Most anglers who do any kind of reading on fly fishing will have most likely come across the term, ‘Tenkara’. Tenkara has certainly been getting some press these days as a simple but effective form of fly fishing. If you’ve ever wondered what the fuss is all about on this ‘new’ fly fishing technique, you may want to come to the BC Flyfishers May chapter meeting, this Thursday, May 21st.
Tenkara has some history. This specialized type of fly fishing was developed in Japan 200 years ago. The name, Tenkara, translates to “from heaven” or “from the skies”. Although Tenkara began in the small, high-gradient trout streams of Japan, it is gaining widespread appeal in America as a versatile, effective technique in freestone streams like the Genegantslet and Willowemoc, flat spring creeks, larger rivers as different as Saranac and the Delaware, and even in warm water and saltwater environments.
Tenkara, what? If you don’t know much about this simple but surprisingly effective technique, or even if you think you do, you will no doubt enjoy learning about its history, flies, and methods from our speaker, Bruce Pencek. Bruce will also be our pre-meeting informal tyer, and will demonstrate how to tie Tenkara style flies.
Bruce Pencek is locally ‘schooled’. Bruce lived for a number of years in the Southern Tier and has fly fished all the local rivers and streams familiar to us. He now lives in Virginia and makes an annual trip to the Catskill region to enjoy the spring hatches on the Delaware River system and local streams like the Genegantslet. At some point Bruce became enamored with the nature and simplicity of Tenkara fishing. He will explain his journey from the fly fishing we know and practice to Tenkara fly fishing.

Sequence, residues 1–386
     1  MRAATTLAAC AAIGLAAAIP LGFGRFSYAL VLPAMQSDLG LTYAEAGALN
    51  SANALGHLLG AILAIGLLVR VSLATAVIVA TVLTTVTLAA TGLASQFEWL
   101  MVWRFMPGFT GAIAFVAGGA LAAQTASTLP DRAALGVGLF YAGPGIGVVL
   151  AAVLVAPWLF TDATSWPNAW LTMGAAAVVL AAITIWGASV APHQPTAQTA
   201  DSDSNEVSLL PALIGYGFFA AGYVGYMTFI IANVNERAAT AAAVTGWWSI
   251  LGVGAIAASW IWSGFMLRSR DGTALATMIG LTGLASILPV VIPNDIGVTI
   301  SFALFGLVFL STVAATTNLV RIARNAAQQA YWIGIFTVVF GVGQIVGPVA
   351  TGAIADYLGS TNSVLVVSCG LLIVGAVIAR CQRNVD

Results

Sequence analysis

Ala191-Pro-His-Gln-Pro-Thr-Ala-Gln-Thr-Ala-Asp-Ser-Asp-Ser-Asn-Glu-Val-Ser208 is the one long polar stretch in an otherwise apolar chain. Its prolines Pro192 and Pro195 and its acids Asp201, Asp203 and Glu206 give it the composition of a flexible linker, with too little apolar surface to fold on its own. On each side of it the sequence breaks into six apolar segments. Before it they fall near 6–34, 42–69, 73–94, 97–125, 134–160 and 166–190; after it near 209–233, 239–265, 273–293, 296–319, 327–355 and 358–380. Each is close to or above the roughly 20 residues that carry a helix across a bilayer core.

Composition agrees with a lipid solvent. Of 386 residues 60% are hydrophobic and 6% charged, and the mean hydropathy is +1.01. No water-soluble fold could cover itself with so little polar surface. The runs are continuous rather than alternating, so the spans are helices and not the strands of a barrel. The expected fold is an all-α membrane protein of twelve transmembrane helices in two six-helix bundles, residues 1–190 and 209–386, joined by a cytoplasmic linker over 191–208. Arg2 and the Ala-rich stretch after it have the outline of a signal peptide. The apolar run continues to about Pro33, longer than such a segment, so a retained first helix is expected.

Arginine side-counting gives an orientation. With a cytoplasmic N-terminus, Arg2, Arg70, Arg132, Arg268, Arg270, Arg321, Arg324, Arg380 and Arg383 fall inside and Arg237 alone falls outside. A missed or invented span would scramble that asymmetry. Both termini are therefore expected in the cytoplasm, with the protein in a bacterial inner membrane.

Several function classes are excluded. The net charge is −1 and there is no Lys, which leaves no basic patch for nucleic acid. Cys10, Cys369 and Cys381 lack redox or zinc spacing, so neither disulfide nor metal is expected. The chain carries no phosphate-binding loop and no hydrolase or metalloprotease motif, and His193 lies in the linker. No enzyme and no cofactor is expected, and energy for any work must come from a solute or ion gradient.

Come and join the BC Flyfishers for this informative presentation and be sure to bring a friend. Bruce Pencek’s presentation, titled “The Art of Tenkara Fishing”, will be held at the Endicott Public Library at 7:00 pm, with an informal tying demonstration at 6:30 pm. Bruce will talk about close-in fishing with the minimalist tackle that represents Tenkara. A life member of IFFF, Bruce Pencek has been an avid Tenkara angler for four years, using fixed-line gear to take trout, panfish — and carp to 10 lbs — from his current home waters in southwestern Virginia, to southern Utah, and twice a year to his old haunts in the Southern Tier, the Catskills, and points north.